12

Some points to consider... Sorting is slow. Really slow. At the end of your loop you call OpenList.Sort() to order your nodes by relative cost so that you can work on the lowest-cost nodes first. Depending on how far your search extends, this can lead to large amounts of time doing nothing but sorting the list. Instead of a per-iteration sort, use a ...


12

Couple things that I see that would make this a lot more efficient: First, you don't need to determine all of the valid edges before you start the Dijkstra algorithm. Assuming that the only constraint on whether two points have a valid edge is that "the distance between them is smaller or equal than the D", there is no reason to determine the complete ...


12

Complete and Incomplete Algorithms Search algorithms can be classed into two categories: complete and incomplete. A complete algorithm will always succeed in finding what your searching for. And not surprisingly an incomplete algorithm may not always find your target node. For arbitrary connected graphs, without any a priori knowledge of the graph ...


12

By performing recursion, you are performing a depth-first search of four-letter words. However, this task involves finding a shortest path, and shortest-path problems are generally better done using breadth-first search. With BFS, the first solution you encounter will be an optimal solution — which is not the case with DFS.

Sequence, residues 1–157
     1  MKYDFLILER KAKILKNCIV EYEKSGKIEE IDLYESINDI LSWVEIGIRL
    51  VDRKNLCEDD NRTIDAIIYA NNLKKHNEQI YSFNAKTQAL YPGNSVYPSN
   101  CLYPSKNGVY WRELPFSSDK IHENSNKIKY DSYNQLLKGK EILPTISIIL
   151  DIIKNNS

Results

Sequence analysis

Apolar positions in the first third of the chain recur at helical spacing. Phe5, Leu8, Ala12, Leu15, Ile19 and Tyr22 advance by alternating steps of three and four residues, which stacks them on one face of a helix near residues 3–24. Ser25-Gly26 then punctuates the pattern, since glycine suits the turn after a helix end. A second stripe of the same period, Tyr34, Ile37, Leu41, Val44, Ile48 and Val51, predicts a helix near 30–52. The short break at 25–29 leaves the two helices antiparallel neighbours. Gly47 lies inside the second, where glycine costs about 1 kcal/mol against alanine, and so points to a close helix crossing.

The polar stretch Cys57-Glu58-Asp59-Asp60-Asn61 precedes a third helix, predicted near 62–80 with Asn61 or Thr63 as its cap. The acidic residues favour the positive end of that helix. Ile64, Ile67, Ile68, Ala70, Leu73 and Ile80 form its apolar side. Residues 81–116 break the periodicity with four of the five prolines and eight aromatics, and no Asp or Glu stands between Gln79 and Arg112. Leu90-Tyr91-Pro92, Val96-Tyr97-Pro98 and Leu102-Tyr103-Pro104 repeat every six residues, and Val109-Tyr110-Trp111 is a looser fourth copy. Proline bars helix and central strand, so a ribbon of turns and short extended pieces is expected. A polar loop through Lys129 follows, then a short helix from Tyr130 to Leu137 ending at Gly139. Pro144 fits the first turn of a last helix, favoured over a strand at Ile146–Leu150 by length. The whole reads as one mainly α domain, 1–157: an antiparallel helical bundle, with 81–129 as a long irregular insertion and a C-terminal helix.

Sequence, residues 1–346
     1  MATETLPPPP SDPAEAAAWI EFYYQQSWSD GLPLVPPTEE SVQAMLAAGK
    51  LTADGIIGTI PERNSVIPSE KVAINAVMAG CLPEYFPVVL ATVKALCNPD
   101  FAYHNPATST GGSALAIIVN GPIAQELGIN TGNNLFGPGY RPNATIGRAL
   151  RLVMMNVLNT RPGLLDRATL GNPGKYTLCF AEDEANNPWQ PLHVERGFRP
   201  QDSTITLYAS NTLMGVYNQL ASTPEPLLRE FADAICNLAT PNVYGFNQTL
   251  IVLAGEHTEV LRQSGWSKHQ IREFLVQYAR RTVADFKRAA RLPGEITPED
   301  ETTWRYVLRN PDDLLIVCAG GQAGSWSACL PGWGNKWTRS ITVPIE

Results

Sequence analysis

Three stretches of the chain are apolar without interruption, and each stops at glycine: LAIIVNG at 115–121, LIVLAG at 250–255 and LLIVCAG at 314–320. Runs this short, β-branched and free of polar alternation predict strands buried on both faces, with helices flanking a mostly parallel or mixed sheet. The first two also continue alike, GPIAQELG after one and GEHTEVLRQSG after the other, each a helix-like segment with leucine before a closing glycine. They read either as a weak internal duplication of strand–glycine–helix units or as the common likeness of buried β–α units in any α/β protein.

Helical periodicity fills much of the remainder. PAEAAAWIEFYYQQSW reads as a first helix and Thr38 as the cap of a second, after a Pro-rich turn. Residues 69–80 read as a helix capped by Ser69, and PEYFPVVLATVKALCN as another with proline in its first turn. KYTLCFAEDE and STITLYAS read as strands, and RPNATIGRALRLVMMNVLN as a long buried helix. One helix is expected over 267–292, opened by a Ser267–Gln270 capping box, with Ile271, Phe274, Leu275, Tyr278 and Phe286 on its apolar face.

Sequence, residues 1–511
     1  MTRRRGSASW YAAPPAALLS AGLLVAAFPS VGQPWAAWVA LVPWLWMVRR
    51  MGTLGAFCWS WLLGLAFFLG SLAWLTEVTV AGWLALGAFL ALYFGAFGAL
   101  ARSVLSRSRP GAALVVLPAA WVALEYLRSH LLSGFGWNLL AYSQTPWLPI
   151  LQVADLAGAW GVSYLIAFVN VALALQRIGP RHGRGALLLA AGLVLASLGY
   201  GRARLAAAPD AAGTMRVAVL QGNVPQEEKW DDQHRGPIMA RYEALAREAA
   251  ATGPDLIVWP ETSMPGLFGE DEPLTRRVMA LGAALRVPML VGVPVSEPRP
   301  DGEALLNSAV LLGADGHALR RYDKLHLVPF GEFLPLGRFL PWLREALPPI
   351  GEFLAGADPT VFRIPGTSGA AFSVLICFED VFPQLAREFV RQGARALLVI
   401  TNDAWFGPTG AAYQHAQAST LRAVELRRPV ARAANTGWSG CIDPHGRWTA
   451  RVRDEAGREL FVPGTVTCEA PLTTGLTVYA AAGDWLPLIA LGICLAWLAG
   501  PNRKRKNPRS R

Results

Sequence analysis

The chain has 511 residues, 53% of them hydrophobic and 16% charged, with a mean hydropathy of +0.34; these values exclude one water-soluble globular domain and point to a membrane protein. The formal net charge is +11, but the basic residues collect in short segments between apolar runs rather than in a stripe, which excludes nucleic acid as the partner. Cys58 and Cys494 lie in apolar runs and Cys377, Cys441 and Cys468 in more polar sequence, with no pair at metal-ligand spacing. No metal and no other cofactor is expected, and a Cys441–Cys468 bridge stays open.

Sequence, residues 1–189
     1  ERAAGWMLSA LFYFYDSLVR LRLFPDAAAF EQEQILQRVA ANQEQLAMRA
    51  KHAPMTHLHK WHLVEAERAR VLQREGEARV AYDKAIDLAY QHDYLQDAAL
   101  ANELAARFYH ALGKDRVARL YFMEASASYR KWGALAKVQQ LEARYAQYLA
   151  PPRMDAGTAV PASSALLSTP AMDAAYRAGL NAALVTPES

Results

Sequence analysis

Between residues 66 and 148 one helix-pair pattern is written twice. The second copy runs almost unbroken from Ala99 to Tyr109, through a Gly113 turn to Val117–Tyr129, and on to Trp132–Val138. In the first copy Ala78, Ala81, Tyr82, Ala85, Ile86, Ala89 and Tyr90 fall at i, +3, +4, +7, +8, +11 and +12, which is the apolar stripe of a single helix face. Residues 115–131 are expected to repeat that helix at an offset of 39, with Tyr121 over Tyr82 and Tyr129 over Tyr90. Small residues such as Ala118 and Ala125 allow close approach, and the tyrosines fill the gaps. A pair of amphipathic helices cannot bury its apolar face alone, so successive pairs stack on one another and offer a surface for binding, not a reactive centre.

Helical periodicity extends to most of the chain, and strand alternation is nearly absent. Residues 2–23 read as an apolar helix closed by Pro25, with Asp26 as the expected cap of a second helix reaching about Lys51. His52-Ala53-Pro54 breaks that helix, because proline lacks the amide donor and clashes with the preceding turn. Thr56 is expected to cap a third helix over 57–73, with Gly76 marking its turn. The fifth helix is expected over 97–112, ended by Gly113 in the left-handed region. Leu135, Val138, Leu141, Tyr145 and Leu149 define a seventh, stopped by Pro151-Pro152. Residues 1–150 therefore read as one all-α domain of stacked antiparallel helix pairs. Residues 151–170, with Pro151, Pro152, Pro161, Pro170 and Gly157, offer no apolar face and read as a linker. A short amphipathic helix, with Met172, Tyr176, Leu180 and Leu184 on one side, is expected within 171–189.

11

@CarySwoveland is on the right track. The original code and several other solutions so far get the wrong answer. For example, GetMinimumSequence(12) should not return 8, but rather 5, based on the optimal sequence 1, 2, 3, 6, 12. One straightforward solution uses recursion: public static int GetMinimumSequence(int n) { if (n <= 0) { throw ...


11

C++-specific: You're mixing C and C++ libraries: You already have <iostream>, so you don't need <stdio.h>. However, if you can only use printf and scanf for whatever reason, then remove <iostream>. Otherwise, just use std::cout and std::cin, and remove <stdio.h>. The C++ library version of <stdlib.h> is <cstdlib>. The ...


11

Try and engage the move constructor: m.data.push_back(temp); Because temp is a named variable it will hit the version that uses const& T. To try and get the alternative version that engages the move constructor add std::move m.data.push_back(std::move(temp)); The input operator does not make any attempt to make sure each line is the same size. ...


11

Teach a Man to Fish If you have a program that is running slower than you expect, and you want to know where it is slow, the right answer is to profile the code. There's a question at StackOverflow that describes a number of tools that will allow you to run the code and find the hotspots. Alternatively, the poor man's profiler is to just to dump stack ...


11

PriorityQueue For openList, you could use a PriorityQueue instead of an ArrayList for better performance. With the ArrayList, every time you insert new elements, you need to sort the whole list, taking \$O(n\log n)\$ time. With the PriorityQueue, inserting a new element should only take \$O(\log n)\$ time. If you need to change an existing element, you ...


11

The algorithm in the post is to iterate over the walls, and for each wall, to remove that wall from the maze, and then solve the maze using breadth-first-search. If the maze is \$n×n\$, then there are \$Θ(n^2)\$ walls, and it takes \$Θ(n^2)\$ to do a breadth-first search on the resulting maze, for \$Θ(n^4)\$ overall runtime. No wonder you are exceeding the ...